T-Mobile was asked to turn over more customer info than its larger rivals

The nation's fourth-largest wireless carrier fielded more government data requests than AT&T, Verizon and Sprint.

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Roger Cheng
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T-Mobile disclosed its first-ever transparency report on Thursday. T-Mobile USA

T-Mobile received nearly 351,940 government requests for data in 2014, the most out of any of the four national wireless carriers.

The nation's fourth-largest carrier by subscriber base disclosed in its transparency report on Wednesday that it had fielded 177,549 criminal and civil subpeonas, 17,316 warrants and more than 3,000 wiretap orders.

It marked the first time T-Mobile issued a transparency report, which have become increasingly popular over the past year as civil liberties groups, shareholder and consumer advocates have pressured companies to be more open about when they disclose customer information. T-Mobile was the last of the four national carriers to issue a report, which comes amid continued scrutiny of surveillance programs run by the US National Security Agency -- including the bulk collection of phone call data -- that were revealed when former NSA contractor Edward Snowden leaked classified government documents.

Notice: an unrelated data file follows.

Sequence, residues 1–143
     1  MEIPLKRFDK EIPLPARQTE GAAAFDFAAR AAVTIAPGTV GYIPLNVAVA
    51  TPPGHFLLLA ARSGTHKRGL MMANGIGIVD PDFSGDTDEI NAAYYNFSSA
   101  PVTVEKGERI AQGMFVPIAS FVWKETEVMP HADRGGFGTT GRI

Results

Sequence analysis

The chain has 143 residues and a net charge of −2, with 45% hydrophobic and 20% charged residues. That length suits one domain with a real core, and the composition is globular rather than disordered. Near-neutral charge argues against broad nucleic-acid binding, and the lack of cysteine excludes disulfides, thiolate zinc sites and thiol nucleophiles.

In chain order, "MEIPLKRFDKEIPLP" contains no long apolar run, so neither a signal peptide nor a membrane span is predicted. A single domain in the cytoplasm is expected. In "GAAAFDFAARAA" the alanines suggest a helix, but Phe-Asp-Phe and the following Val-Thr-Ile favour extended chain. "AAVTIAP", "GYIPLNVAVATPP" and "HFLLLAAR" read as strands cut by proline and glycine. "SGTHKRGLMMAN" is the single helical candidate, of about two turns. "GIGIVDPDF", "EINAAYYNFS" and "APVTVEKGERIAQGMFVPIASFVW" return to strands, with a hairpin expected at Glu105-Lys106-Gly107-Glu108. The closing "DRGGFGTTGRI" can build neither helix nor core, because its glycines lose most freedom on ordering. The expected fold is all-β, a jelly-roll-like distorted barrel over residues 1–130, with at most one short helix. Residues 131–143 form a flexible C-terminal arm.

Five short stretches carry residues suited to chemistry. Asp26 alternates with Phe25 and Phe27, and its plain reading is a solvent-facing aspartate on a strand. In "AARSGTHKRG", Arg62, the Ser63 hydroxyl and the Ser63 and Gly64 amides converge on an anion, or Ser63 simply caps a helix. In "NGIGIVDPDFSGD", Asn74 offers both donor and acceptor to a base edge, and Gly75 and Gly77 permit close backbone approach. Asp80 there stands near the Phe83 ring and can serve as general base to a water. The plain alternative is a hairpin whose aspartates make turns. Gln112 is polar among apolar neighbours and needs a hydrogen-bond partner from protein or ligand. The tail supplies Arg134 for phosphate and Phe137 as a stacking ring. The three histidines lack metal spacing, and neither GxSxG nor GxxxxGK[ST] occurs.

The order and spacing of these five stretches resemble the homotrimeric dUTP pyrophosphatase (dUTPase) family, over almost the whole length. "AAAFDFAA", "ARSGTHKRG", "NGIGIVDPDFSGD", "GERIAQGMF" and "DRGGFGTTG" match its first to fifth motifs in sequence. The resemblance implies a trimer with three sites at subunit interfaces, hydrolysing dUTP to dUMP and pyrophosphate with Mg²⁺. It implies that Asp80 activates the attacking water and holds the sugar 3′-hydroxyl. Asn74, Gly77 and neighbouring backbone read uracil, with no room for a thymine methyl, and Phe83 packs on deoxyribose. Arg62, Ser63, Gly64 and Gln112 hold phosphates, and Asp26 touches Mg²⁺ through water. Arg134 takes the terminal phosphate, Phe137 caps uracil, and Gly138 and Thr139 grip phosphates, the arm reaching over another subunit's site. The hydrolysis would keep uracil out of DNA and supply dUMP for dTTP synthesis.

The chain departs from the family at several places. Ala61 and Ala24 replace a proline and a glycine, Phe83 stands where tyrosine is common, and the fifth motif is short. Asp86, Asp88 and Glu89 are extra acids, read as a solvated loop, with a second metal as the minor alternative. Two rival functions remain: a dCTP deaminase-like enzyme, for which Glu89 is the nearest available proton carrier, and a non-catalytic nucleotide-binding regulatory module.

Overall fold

The requests kept T-Mobile busy last year -- the number of requests jumped nearly 11 percent from 2013.

A T-Mobile spokesman wasn't available to comment on the increase in requests.

Despite T-Mobile's smaller customer base (Verizon and AT&T each have nearly twice as many customers), the carrier fielded more requests than its rivals. AT&T, for instance, saw 263,755 requests, while Verizon saw 287,559. Sprint saw 308,937 requests.

On the wiretap front, AT&T received 2,420 orders, Verizon received 1,433 and Sprint received 3,772.

T-Mobile, meanwhile, received between 2,000 and 2,250 national security requests for data, and eight requests from foreign governments.

T-Mobile's report was issued after Amazon, which ZDNet noted was the last major tech company in the Fortune 500 to issue a transparency report, and came more than a year and a half after Verizon issued its first report. Companies aren't under legal obligation to disclose the data, but have been willing to share with the hope that the reports will help repair their reputations, which have been damaged by the Snowden revelations of the past two years.